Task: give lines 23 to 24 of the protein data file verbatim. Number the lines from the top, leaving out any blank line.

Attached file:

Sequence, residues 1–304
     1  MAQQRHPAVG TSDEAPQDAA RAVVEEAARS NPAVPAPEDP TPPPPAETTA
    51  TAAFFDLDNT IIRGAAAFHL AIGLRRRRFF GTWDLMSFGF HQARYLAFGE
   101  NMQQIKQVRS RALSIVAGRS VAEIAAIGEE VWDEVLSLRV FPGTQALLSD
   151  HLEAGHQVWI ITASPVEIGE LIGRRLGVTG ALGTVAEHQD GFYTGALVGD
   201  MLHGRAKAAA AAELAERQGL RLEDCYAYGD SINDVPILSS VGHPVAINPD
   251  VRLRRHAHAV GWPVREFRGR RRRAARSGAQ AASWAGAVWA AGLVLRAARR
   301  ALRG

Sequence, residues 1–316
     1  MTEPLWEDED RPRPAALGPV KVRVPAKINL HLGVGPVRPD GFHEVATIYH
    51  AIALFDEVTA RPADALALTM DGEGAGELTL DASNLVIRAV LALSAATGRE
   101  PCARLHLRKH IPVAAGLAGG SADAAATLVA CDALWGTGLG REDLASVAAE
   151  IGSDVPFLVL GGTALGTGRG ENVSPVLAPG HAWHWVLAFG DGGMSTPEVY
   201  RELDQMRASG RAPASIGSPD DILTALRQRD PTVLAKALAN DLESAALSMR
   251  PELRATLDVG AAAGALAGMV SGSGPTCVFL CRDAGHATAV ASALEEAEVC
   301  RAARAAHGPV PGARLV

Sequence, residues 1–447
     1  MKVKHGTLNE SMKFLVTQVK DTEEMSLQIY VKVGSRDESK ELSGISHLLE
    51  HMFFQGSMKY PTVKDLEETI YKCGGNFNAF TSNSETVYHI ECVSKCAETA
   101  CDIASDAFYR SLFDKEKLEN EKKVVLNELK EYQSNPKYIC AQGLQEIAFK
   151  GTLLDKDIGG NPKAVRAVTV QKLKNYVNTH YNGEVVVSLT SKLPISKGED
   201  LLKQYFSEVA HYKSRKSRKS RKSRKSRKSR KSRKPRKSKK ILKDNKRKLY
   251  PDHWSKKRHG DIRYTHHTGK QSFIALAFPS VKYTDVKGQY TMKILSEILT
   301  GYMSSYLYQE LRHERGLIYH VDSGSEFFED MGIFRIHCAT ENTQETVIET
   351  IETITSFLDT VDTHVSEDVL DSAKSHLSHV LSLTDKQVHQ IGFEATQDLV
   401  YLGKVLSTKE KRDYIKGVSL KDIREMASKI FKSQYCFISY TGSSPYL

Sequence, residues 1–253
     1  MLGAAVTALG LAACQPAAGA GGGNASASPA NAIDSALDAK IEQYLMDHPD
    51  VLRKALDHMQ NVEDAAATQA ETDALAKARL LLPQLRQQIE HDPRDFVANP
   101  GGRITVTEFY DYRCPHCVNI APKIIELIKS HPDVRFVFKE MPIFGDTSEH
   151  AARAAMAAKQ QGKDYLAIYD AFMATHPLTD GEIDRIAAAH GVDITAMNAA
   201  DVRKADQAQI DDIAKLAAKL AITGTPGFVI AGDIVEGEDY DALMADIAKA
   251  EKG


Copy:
   251  PDHWSKKRHG DIRYTHHTGK QSFIALAFPS VKYTDVKGQY TMKILSEILT
   301  GYMSSYLYQE LRHERGLIYH VDSGSEFFED MGIFRIHCAT ENTQETVIET